stress of Carrascoso's. action as we have said, is placed upon his wrongful expulsion. This is a violation of public duty by the petitioner-air carrier-a case of quasi-delict. Damages are proper. (note: it was held that it was a case of quasi-delict even though it was a breach of contract) Ratio A contract to transport passengers is quite different in kind and degree from any other contractual relation.43 And is, because of the relation which an air-carrier sustains with the public. Its business is mainly with the

-

both TC and CA decided in favor of Carrascoso

have confirmed reservations for first class on any specific flight, although he

travelling public. It invites people to avail of the comforts and I advantages it

 

ISSUES

had tourist class protection; that, accordingly, the issuance of a first class ticket was no guarantee that he would have a first class ride, but that such

offers. The contract of air carriage, therefore, generates a relation attended with a public duty. Neglect or malfeasance of the carrier's employees,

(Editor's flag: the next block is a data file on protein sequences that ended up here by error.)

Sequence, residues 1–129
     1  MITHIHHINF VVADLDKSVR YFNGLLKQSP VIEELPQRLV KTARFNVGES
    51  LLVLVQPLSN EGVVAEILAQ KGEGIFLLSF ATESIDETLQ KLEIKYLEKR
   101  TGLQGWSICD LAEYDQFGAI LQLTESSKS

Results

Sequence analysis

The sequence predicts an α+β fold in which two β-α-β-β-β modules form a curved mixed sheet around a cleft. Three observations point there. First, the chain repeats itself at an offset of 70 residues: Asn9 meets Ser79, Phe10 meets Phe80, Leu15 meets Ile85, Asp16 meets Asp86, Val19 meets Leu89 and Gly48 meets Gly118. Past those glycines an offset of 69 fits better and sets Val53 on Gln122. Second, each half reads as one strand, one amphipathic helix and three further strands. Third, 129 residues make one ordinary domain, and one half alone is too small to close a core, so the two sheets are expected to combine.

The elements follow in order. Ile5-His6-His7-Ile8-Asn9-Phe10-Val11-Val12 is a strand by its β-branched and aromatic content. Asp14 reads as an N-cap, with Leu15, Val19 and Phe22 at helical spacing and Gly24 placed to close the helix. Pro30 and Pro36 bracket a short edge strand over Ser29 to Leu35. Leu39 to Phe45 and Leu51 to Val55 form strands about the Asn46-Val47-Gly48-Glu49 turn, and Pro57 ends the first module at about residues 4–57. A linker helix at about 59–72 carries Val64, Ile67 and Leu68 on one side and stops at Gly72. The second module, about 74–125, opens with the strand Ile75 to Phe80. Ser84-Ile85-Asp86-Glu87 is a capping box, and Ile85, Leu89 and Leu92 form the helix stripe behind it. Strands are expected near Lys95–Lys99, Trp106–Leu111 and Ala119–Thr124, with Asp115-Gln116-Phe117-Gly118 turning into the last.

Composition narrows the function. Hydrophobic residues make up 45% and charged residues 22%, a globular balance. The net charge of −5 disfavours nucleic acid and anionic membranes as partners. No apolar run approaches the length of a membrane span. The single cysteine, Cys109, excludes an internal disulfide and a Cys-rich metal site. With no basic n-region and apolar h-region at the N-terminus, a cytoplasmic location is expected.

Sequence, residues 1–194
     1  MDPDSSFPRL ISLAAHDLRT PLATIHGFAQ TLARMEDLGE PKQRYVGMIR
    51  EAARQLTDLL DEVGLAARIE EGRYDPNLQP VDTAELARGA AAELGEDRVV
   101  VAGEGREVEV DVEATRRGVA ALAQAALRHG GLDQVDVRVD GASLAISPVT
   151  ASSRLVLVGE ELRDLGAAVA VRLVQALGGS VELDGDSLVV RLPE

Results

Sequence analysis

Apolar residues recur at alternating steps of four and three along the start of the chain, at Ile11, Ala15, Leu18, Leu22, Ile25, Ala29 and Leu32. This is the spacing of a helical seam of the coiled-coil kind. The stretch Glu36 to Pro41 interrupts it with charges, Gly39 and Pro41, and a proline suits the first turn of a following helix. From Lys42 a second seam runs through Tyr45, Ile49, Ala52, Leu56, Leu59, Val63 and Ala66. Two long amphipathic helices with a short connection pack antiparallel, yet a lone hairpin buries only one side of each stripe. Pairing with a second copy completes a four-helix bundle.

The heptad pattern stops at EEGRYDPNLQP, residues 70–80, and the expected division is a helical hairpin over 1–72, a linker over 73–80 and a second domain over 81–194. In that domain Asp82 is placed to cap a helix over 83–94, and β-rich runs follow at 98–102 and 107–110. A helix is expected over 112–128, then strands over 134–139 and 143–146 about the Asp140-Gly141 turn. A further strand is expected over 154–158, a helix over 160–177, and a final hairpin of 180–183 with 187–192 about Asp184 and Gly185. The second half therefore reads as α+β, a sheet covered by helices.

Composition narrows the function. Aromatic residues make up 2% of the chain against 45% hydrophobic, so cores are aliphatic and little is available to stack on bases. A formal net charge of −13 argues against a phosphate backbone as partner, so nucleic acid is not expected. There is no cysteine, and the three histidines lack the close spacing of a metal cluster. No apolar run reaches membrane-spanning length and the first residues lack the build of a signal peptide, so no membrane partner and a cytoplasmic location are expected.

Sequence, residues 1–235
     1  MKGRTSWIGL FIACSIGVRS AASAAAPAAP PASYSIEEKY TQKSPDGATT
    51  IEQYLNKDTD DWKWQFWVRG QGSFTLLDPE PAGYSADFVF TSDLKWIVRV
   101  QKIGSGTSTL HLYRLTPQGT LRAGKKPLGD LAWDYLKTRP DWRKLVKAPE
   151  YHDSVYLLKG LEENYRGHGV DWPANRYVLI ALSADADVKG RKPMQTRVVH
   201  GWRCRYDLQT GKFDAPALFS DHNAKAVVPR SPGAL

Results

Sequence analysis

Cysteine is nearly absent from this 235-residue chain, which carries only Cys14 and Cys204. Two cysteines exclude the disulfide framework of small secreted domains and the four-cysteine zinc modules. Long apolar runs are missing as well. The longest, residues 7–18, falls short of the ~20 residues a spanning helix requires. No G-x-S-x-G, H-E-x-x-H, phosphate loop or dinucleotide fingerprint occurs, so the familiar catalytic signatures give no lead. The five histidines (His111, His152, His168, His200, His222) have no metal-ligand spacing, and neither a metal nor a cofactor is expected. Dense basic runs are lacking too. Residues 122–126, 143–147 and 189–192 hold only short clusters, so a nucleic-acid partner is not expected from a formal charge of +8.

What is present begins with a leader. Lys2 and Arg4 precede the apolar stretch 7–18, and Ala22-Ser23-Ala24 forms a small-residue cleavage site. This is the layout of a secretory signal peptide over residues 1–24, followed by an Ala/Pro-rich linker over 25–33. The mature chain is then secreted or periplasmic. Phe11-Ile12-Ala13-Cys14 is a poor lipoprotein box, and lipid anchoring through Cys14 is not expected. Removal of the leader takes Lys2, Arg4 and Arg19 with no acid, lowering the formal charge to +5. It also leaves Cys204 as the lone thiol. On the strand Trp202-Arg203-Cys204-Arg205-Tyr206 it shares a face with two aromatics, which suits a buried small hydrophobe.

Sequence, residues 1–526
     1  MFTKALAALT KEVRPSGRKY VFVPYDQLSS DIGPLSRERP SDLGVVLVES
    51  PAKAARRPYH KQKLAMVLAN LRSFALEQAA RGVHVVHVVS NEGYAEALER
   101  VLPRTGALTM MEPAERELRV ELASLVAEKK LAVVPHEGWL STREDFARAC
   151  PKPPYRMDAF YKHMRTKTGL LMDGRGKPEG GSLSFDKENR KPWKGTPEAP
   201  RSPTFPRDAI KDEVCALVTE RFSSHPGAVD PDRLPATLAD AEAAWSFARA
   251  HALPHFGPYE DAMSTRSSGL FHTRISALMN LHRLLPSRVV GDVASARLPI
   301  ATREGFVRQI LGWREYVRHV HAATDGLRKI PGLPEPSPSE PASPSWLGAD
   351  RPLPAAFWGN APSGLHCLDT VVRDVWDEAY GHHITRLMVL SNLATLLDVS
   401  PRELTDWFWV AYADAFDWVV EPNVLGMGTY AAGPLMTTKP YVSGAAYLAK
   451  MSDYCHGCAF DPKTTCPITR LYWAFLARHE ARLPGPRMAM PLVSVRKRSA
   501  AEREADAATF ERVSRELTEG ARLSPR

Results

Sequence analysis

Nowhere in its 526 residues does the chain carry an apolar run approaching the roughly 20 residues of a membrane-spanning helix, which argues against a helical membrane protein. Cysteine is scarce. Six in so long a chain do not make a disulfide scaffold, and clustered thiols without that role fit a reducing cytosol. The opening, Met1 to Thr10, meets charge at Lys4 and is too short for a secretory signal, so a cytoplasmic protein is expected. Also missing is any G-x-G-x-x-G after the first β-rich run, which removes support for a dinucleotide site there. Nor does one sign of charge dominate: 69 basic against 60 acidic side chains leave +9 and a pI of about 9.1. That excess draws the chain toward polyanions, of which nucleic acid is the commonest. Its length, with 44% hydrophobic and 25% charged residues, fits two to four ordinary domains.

Procedural

would depend upon the availability of first class seats. However, CA held that

naturally, could give ground for an action for damages.

1.

WON the CA failed to make a complete findings of fact on all the issues

Air France should know whether or not the tickets it issues are to be honored

Reasoning

properly laid before it, and if such, WON the Court could review the questions

of fact

or not. The trial court also accepted as evidence the written documents

-

Passengers do not contract merely for transportation. They have a right to

submitted by Carrasco and even the testimony of the air-carrier’s employees

be treated by the carrier's employees with kindness, respect, courtesy and

Substantive

attested that indeed, Carrasco was issued a “first class ticket”.

due consideration. They are entitled to be protected against personal

2. WON Carrascoso was entitled to the “first class” seat he claims, as proved by written documents (tickets…)

3. WON Carrascoso was entitled to moral damages, when his action is

planted upon breach of contract and thus, there must be an averment of fraud

or bad faith which the CA allegedly failed to find

4. WON moral damages could be recovered from Air France, granted that

their employee was accused of the tortuous act

5. WON damages are proper in a breach contract

6. WON the transcribed testimony of Carrascoso regarding the account made

by the air-carrier’s purser is admissible in evidence as hearsay

7. WON Carrascoso was entitled to exemplary damages

8. WON Carrascoso was entitled to attorney’s fees

9. WON the amounts awarded to Carrascoso was excessive

HELD

1. NO, NO